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“The patient told me, ‘I'm becoming two-handed again.’” —Dustin Tyler

As a child, Dustin Tyler bought an Atari 800XL—not to play games, but to program.

This fascination with STEM fields ultimately led him to the then-emerging field of biomedical engineering.

When he began working with patients at the Louis Stokes Cleveland Veterans Affairs Medical Center, Tyler quickly found a focus for his knowledge.

Prosthetics could restore some sense of normalcy for individuals who had lost a limb, but they craved more. “Everyone we talked to said, ‘I want to be able to feel again,’” recalled Tyler, the Kent H. Smith II Professor of Biomedical Engineering.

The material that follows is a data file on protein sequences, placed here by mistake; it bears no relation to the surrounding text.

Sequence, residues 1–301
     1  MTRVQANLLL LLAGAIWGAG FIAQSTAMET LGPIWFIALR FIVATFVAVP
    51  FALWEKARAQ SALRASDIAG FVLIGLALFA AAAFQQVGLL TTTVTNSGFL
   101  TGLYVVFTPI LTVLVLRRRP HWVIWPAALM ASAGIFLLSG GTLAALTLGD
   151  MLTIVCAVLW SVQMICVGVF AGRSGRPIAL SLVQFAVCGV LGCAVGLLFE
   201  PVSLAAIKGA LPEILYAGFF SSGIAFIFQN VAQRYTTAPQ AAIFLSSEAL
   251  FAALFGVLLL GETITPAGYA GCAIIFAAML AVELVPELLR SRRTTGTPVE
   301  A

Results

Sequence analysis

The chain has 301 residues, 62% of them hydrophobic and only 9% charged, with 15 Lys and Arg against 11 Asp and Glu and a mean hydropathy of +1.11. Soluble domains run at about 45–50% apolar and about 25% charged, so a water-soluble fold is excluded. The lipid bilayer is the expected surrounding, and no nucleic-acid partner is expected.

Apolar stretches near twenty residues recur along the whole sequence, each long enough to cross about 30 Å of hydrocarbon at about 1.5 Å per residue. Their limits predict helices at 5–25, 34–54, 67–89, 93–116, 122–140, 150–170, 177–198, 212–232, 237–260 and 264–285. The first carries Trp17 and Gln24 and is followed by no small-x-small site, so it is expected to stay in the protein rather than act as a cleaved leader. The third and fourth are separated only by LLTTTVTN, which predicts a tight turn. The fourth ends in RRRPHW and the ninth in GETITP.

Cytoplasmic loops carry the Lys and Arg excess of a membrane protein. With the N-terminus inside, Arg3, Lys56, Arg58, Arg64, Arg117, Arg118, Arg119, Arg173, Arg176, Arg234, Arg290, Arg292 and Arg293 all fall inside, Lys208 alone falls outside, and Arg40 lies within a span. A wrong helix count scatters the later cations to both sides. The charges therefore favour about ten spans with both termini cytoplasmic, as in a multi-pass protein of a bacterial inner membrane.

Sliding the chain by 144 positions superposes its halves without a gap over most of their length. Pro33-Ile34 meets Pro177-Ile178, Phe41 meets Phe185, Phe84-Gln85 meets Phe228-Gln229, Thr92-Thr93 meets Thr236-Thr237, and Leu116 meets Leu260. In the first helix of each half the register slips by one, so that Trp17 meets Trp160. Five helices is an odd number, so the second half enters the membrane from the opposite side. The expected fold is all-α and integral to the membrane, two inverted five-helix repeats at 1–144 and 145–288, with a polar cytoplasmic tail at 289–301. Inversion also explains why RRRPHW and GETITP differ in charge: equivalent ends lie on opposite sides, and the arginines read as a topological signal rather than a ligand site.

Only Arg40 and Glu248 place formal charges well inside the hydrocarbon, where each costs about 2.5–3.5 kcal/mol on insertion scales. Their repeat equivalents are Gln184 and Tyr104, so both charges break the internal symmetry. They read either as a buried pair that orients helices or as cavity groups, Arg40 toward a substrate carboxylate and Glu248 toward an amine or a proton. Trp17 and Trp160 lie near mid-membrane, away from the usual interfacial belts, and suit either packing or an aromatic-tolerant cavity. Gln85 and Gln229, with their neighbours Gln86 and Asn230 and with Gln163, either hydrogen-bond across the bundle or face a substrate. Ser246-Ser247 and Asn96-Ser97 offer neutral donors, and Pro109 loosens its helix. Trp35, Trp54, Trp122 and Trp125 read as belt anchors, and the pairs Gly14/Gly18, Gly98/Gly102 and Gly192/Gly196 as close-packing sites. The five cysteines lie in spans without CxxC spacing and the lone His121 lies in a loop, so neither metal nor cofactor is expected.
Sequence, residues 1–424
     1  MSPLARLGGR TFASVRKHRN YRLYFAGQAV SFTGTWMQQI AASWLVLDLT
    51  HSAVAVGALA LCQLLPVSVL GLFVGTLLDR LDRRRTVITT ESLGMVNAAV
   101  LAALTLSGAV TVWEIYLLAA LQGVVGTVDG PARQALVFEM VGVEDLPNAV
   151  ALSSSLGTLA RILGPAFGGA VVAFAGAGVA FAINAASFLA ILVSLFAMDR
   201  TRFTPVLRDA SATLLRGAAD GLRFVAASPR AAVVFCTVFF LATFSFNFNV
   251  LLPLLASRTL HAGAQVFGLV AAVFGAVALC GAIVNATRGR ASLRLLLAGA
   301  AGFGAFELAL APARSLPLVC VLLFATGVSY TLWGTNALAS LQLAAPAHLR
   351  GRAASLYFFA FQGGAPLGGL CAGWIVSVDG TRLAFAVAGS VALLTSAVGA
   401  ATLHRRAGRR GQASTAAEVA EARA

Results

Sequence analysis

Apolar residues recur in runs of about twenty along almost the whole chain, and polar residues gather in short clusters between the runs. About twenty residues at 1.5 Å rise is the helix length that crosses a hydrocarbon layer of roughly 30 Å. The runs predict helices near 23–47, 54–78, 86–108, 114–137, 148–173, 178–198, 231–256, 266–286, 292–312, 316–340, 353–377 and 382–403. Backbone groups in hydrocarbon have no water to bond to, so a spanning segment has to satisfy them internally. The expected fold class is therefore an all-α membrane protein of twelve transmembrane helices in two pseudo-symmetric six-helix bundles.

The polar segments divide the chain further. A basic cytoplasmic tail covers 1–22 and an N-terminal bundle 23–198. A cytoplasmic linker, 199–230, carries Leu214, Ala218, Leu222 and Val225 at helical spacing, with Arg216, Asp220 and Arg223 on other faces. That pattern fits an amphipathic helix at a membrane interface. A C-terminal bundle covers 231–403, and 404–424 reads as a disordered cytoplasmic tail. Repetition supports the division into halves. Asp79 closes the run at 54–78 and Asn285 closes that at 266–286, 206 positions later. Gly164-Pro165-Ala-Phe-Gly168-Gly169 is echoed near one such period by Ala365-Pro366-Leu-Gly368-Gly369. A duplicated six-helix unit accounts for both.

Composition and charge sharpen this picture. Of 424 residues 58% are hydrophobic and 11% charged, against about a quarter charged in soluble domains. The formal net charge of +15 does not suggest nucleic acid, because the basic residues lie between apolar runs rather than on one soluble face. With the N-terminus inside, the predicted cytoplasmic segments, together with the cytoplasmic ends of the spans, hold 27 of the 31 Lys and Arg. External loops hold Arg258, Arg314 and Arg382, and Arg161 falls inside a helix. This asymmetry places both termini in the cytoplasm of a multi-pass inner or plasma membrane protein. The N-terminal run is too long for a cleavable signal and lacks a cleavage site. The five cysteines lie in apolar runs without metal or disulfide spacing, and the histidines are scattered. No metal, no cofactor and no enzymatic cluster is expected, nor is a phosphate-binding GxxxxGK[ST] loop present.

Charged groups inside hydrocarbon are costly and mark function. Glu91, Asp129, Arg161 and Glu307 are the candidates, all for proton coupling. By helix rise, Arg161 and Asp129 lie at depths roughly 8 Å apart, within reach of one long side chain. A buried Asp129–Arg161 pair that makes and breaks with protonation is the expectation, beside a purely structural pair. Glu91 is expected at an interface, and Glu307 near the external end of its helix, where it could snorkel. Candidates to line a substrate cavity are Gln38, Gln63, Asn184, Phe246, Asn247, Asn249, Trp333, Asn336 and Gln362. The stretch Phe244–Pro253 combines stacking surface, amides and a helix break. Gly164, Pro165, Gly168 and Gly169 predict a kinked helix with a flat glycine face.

Tyler and his team crafted a system that used electrical stimulation to give patients not only sensation, but also the ability to gauge the level of pressure applied.

“Our goal is not just to restore function,” he said, “but to rebuild a connection to the world.”